AOL Takes AIM at Corporate Instant Messaging Users

Security, control enhancements for businesses added

America Online Inc. last week unveiled security and control features designed to give its widely used AOL Instant Messenger (AIM) product the teeth it needs for corporate use.

Dulles, Va.-based AOL said its Enterprise AIM Services (EAS) will give IT administrators more control over instant messaging (IM) use, along with long-desired security and auditing features critical for business use.

The EAS package will include AIM Enterprise Gateway, which is to be installed behind a company's firewall to help provide tighter control over incoming and outgoing messages. Also being offered is an optional Private Domain Service, which features federated authentication to allow companies to centrally manage users through their existing corporate server directories.

AOL is also providing developer packages and programs so applications can be written to integrate with its IM client.

Still missing from the AIM client package for business, however, are encryption capabilities, which are being worked on in beta versions and are due for release by early next year.

The AOL announcement comes a month after Yahoo Inc. in Sunnyvale, Calif., became the first major consumer IM company to announce an enterprise edition of its IM software, called Yahoo Messenger Enterprise Edition 1.0 .

Rather than redesign a corporate IM client from scratch, AOL is using its existing consumer IM client and wrapping it with the enterprise services package, said Derick Mains, an AOL spokesman. To add security and archiving features, AOL enlisted the help of Foster City, Calif.-based FaceTime Communications Inc., which embedded its technology into the AIM client to provide needed features, Mains said.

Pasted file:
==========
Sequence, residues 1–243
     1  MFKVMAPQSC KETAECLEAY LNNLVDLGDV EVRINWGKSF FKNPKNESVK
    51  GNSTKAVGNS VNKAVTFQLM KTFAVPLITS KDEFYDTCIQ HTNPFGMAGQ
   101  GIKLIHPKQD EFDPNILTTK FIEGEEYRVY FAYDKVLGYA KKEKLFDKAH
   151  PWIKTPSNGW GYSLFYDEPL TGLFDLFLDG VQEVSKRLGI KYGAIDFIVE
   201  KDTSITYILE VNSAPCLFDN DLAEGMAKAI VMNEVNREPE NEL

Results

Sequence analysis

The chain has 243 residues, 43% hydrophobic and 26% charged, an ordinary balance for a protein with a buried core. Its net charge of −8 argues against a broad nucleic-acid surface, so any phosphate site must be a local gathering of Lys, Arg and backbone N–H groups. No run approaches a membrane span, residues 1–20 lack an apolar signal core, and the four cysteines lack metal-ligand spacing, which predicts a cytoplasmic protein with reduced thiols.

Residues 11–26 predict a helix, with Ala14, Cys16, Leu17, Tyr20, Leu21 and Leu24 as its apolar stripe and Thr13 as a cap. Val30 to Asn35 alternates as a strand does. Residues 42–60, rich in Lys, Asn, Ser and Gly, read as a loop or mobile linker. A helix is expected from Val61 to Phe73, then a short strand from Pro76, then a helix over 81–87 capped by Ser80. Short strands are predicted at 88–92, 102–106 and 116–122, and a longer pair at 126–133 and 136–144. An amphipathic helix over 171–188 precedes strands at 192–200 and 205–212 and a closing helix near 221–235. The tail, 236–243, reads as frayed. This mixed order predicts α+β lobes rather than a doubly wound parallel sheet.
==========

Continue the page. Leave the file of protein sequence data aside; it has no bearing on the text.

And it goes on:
VeriSign Inc. in Mountain View, Calif., is also working with AOL to integrate encryption capabilities by next year.

Making Inroads

AOL hasn't publicized pricing for EAS, since it will depend on variables such as the size of the deployment. However, it's expected to cost about $34 to $40 per seat. The new services and features, with the exception of the encryption capabilities, are available now.

Michael Osterman, an analyst at Osterman Research Inc. in Black Diamond, Wash., called the business version of AIM "a pretty significant development," because AOL is the leader in the consumer IM marketplace.

"It doesn't have all the features yet," he said. But that probably won't be a problem, because many businesses won't have the money in their end-of-year budgets to deploy it now anyway. By the time IT departments are ready to look into EAS next year, he said, encryption features will be incorporated, making it a compelling product to investigate.

Robert Mahowald, an analyst at IDC in Framingham, Mass., said that one challenge AOL will face is getting IT decision-makers to believe a system that still uses the consumer version of AIM will do the job for them. "AOL has done its due diligence preparing the product," he said. "But they still have to see how the market reacts.

"AOL's first job is to convert the companies that have been informal users to get them to be paying customers," Mahowald said. "I think if they can do that, they win."

AIM is the world's most popular IM client, delivering more than 1.5 billion instant messages each day, according to the company. There are about 180 million registered users of the AIM service, including consumers and business users.


Better AIM

AOL’s Enterprise AIM Services will:


IT administrators control over IM usage.


business security and auditing features.


encryption features early next year.

Copyright © 2002 IDG Communications, Inc.

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